The Spectro-Electro Array: A Novel Platform for the Measurement of Secondary Metabolites in Botanicals, Supplements, and Beverages

Jun 01, 2012
Volume 30, Issue 6, pg 492–503

This installment describes combining diode-array detection (DAD) and coulometric electrochemical-array detection to overcome sensitivity and specificity limitations often encountered when analyzing natural products.

Plants contain an amazingly diverse range of secondary metabolites that may offer important health benefits or risks (1,2). The challenge facing analytical chemists seeking to identify and measure these compounds is twofold: first, to accurately discriminate between compounds sharing similar physicochemical characteristics; and second, to tease this information out of complicated matrices including botanicals, supplements, foods, and beverages.


Figure 1: Comparison of the spectral and electrochemical properties of selected flavonoids. Compounds with similar structures have similar absorbance spectra and changes in functional groups have limited effect on this response (inset). Electrochemical detection, however, is extremely sensitive to the type, degree, and position of substitution as shown by the different current voltage curves (hydrodynamic voltammograms) of catechin (oxidizing at approximately +100 mV), hesperidin (oxidizing at approximately +400 mV), and naringin (oxidizing at approximately +700 mV).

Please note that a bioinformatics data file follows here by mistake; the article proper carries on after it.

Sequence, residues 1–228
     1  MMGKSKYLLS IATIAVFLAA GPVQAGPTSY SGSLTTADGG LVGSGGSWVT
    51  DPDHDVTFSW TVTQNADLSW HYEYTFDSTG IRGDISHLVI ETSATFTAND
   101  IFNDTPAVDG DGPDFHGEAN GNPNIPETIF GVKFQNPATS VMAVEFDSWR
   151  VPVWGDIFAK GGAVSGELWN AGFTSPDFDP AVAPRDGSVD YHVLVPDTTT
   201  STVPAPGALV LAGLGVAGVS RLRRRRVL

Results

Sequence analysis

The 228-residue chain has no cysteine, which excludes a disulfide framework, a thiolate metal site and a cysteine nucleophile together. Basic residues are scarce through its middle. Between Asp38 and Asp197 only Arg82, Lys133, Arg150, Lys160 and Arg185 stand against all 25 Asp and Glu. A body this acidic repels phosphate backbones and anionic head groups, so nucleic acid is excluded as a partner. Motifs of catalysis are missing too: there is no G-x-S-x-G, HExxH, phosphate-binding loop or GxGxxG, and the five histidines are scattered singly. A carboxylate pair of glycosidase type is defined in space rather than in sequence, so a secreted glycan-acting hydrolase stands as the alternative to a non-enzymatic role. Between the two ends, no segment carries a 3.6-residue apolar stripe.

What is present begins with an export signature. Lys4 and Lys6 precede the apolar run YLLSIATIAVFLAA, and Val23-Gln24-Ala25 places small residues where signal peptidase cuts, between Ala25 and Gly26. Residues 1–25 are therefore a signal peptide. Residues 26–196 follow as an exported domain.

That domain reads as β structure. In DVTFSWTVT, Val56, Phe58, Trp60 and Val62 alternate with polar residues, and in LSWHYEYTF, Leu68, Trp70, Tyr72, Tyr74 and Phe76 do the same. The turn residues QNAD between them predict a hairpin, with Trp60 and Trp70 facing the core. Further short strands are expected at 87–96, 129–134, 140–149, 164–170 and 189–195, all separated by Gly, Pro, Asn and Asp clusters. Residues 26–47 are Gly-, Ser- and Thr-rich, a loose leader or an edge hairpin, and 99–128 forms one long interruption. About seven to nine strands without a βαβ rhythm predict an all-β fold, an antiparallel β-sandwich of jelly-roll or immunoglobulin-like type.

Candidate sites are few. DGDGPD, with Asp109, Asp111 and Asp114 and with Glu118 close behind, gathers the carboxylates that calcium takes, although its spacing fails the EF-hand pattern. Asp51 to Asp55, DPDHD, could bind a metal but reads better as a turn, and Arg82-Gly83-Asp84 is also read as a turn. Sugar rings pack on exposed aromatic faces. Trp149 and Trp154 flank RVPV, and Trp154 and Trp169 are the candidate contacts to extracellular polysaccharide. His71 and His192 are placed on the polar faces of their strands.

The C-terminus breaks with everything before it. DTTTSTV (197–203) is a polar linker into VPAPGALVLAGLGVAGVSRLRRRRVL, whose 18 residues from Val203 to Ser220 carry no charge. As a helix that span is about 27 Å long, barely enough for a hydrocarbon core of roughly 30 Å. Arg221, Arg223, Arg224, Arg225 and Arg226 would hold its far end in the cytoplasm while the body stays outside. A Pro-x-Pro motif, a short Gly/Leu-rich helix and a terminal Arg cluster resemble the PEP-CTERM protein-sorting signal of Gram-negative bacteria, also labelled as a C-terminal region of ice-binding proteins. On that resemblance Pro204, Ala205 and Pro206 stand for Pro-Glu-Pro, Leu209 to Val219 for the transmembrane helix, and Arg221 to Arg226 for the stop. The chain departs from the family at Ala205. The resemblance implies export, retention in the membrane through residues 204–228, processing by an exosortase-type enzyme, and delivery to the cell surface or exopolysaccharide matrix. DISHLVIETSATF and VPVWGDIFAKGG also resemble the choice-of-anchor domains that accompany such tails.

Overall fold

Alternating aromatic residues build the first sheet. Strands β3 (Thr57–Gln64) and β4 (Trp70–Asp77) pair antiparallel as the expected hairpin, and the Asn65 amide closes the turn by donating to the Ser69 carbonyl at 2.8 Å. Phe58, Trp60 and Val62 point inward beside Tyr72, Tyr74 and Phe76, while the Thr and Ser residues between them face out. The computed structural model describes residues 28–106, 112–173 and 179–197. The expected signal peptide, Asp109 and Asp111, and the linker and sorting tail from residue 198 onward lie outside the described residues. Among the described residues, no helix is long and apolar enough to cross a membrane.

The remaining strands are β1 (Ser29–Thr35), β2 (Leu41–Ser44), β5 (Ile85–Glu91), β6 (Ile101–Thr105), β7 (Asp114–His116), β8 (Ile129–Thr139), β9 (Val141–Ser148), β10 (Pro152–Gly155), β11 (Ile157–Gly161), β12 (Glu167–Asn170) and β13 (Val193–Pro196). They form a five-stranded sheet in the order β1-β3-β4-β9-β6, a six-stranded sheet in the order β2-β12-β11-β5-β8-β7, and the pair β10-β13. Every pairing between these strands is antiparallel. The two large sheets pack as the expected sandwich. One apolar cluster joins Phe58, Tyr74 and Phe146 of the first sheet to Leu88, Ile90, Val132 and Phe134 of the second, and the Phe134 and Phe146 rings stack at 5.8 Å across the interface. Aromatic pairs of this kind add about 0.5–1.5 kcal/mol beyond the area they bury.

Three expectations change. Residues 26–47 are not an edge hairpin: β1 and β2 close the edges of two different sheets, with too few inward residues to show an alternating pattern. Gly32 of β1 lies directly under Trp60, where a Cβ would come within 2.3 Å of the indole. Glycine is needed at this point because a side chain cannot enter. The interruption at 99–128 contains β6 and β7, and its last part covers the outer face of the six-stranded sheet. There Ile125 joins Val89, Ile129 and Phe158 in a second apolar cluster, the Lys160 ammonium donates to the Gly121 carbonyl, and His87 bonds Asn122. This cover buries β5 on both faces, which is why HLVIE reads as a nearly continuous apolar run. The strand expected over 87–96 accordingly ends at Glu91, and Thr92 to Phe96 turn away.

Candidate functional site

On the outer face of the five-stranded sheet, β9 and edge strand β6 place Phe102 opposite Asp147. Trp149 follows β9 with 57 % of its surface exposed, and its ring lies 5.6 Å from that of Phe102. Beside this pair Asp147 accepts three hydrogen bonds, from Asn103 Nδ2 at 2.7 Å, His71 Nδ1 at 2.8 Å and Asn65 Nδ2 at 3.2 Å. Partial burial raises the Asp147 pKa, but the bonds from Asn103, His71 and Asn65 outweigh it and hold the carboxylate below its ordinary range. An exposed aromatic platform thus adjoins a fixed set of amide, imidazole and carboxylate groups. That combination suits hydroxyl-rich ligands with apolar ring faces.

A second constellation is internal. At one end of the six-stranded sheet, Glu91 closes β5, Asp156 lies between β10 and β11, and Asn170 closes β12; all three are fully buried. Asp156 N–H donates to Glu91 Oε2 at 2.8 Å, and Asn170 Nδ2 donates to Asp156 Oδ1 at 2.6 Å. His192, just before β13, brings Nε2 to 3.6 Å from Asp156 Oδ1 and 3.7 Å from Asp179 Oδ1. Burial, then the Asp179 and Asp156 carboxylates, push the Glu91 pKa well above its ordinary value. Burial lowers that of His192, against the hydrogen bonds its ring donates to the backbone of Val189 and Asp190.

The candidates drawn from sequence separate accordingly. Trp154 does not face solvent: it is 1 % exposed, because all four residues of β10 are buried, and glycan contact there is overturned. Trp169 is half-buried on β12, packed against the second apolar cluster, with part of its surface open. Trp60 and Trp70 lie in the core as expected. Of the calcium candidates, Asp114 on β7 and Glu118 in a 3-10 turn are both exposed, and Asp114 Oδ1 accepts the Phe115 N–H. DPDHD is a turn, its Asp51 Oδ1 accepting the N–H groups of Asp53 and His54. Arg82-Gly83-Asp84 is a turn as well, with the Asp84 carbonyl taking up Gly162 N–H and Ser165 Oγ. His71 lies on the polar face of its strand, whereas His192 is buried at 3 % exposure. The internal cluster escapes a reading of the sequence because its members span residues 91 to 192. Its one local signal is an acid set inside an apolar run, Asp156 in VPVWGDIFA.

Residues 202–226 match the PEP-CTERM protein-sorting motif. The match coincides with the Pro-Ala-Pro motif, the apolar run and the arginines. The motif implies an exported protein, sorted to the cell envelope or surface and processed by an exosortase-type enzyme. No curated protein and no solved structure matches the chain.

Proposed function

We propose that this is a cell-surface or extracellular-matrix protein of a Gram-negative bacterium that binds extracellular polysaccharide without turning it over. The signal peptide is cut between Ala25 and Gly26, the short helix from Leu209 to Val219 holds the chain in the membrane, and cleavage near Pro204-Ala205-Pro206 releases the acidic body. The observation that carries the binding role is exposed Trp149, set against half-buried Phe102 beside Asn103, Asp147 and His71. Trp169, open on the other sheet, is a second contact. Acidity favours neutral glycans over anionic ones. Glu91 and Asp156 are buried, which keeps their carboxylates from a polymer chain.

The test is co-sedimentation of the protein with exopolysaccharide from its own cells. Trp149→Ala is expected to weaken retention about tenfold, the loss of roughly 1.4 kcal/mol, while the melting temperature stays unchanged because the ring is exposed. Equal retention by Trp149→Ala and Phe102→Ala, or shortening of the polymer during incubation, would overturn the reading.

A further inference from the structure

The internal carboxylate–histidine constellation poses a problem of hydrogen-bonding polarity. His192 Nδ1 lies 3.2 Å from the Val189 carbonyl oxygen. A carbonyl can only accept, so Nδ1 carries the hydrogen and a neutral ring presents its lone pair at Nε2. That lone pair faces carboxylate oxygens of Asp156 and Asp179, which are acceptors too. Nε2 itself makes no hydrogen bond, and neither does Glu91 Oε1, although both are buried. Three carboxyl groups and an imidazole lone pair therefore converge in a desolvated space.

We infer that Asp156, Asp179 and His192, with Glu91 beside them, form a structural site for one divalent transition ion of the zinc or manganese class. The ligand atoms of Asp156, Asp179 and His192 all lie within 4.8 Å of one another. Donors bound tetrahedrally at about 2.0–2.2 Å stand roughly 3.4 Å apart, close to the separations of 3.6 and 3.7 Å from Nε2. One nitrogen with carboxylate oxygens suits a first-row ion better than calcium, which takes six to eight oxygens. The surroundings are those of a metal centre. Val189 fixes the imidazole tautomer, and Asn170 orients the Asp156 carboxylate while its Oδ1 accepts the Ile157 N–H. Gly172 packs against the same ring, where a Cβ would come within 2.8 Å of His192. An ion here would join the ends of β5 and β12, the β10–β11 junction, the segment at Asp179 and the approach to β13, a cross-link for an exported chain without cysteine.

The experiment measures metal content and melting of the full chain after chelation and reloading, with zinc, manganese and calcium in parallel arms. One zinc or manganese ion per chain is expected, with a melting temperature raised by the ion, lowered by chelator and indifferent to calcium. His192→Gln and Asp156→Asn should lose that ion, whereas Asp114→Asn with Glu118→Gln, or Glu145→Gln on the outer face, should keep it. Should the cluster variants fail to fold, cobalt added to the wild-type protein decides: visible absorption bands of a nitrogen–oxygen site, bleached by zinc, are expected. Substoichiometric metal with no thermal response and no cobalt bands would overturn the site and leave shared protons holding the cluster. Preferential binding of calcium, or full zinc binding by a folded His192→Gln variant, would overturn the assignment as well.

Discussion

Gradient high performance liquid chromatography (HPLC) with diode-array detection (DAD) is often used to measure the major components present in botanicals. HPLC–DAD is a robust, relatively simple technique that quantifies known analytes that can be resolved in simple matrices, but it suffers from a lack of specificity whenever compounds with similar structures that cannot be deconvoluted spectrally are coeluted (Figure 1). Furthermore, this technique is generally not sensitive enough for the study of natural product metabolism in animals and humans. Electrochemical detection (ECD), on the other hand, is highly sensitive and selective and can distinguish between subtle changes in chemical structure (Figure 1).

Although ECD is selective, many chemicals are electrochemically active, including compounds containing an aromatic backbone with alcohol, amine, or thiol groups attached directly to an aromatic ring, quinones, and conjugated polyenes (with three or more conjugated double bonds) (3). Phytochemical examples include some alkaloids (such as lysergic acid and morphine), carotenoids (such as carotenes and lycopene), fat soluble antioxidants (such as tocopherol and phylloquinine), phenolic acids, and various polyphenols such as the flavonoid group (for example, catechins, daidzein, and genistein).


Figure 2: In this application both chlorogenic acid and 4-hydroxybenzoic acid are coeluted and cannot be resolved spectrophotometrically (UV at 254 nm). However, the electrochemical profiles of these two compounds differ substantially, so they can be resolved voltammetrically, with chlorogenic acid responding exclusively at an upstream (low potential) electrode shown in red and 4-hydroxybenozoic acid responding exclusively at a downstream (high potential) electrode shown in green.